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lecture 4 10082022

Urban Sociology
Lec 4: 10/08/2022
Sociological theories/Globalization, technology and growth of
Dr. Amrita Sen
Department of Humanities and Social Sciences
Indian Institute of Technology Kharagpur
email: amrita.sen@hss.iitkgp.ac.in
Major critiques of the Burgess Zonal Hypothesis
• The most widespread criticism of the Burgess zonal hypothesis arises from the fact that various
cities do not actually conform to an ideal circular spatial pattern.
• Local irregularities. Two kinds of criticisms:
• The first type of criticism contradicts the hypothesis and declares that no ideal pattern exists.
• The second type of criticism declares that the existence of severe distortions destroys the value of
the hypothesis even though the tendency toward a theoretical ideal pattern may be admitted.
• Even though local conditions of topography, streets, and transportation undoubtedly play important
parts in molding urban structure, the tendency to form zones-if such actually exists-constitutes an
additional item necessary to complete explanation.
• How large-scale urbanization alter individual attitudes and behaviours?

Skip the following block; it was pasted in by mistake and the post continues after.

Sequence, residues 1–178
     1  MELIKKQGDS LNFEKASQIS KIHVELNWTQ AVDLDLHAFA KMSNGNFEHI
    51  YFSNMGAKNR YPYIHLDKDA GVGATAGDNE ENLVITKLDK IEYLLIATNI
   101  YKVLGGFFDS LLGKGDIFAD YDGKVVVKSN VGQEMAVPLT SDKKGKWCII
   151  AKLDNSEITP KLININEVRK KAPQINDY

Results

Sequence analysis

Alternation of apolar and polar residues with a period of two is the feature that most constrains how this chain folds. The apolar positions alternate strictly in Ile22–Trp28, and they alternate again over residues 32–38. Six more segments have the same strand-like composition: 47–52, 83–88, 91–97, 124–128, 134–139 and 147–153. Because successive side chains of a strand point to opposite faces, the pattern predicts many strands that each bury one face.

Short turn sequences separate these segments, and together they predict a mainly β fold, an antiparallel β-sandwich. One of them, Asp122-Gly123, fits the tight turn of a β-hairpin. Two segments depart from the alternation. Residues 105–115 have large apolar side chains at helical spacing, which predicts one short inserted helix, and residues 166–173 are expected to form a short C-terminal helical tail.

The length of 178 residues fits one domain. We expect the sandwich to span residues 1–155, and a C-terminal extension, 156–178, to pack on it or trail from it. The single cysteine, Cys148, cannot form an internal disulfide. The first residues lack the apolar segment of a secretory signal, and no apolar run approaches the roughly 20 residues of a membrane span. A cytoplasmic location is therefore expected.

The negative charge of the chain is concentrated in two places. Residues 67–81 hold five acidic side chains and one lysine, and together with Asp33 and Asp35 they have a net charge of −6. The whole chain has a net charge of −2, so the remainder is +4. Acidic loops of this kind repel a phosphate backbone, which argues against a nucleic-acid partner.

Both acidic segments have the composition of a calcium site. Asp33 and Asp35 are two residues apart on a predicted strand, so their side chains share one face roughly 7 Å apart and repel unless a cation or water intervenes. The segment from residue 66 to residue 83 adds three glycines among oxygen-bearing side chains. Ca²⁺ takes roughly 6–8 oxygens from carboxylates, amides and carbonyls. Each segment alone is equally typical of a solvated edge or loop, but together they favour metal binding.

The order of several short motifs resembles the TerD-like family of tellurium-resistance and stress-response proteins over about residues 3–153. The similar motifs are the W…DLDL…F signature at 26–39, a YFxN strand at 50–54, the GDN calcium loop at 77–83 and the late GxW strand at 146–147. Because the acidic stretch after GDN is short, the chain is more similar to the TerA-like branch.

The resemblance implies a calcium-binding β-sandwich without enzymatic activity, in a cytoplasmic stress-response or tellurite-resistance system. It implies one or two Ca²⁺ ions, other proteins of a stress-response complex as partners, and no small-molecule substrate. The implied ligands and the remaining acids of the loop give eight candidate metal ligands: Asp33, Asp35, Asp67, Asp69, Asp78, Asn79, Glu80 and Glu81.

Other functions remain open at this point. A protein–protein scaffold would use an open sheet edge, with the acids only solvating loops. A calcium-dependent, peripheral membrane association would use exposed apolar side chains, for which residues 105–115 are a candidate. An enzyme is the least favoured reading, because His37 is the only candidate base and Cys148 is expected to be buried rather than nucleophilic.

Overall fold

• City life, says Simmel, bombards the mind with images and impressions, sensations and activity
• This is 'a deep contrast with the slower, more habitual, more smoothly flowing rhythm' of the small
town or village.
• In this context, it is not possible for individuals to respond to every stimulus or activity they come
across, so how do they deal with the pace of the city?
• Simmel argues that city-dwellers protect themselves by becoming disinterested, adopting a 'seen-itall-before' attitude.
• They 'tune out' much of the urban buzz that surrounds them, focusing on whatever they need to,
just in order to get by.
• The result of this blasé attitude, thought Simmel, is that although city-dwellers are part of the
'metropolitan crush', they distance themselves from one another emotionally.
• Typically the myriad fleeting contacts with people they do not know result in an 'urban reserve '
in interactions with others, which can be perceived as emotionless and rather cold, leading to
widespread feelings of impersonality and even isolation.
• Simmel points out, though, that city people are not by nature indifferent to others and uncaring.
• Rather, they are forced to adopt such modes of behavior in order to preserve their social distance
and individual selves in the face of pressures from the densely populated urban environment.
• Urbanism as a distinct way of life.
• Urbanism, he argued, could not be reduced to or understood simply by measuring the size of urban
• Instead, it has to be grasped as a form of social existence.
• The influences which cities exert on the social life of man are greater than the ratio of the urban
population would indicate.
• For the city is not only increasingly the dwelling-place and the workshop of modern man, but it is
the initiating and controlling centre of economic, political and cultural life.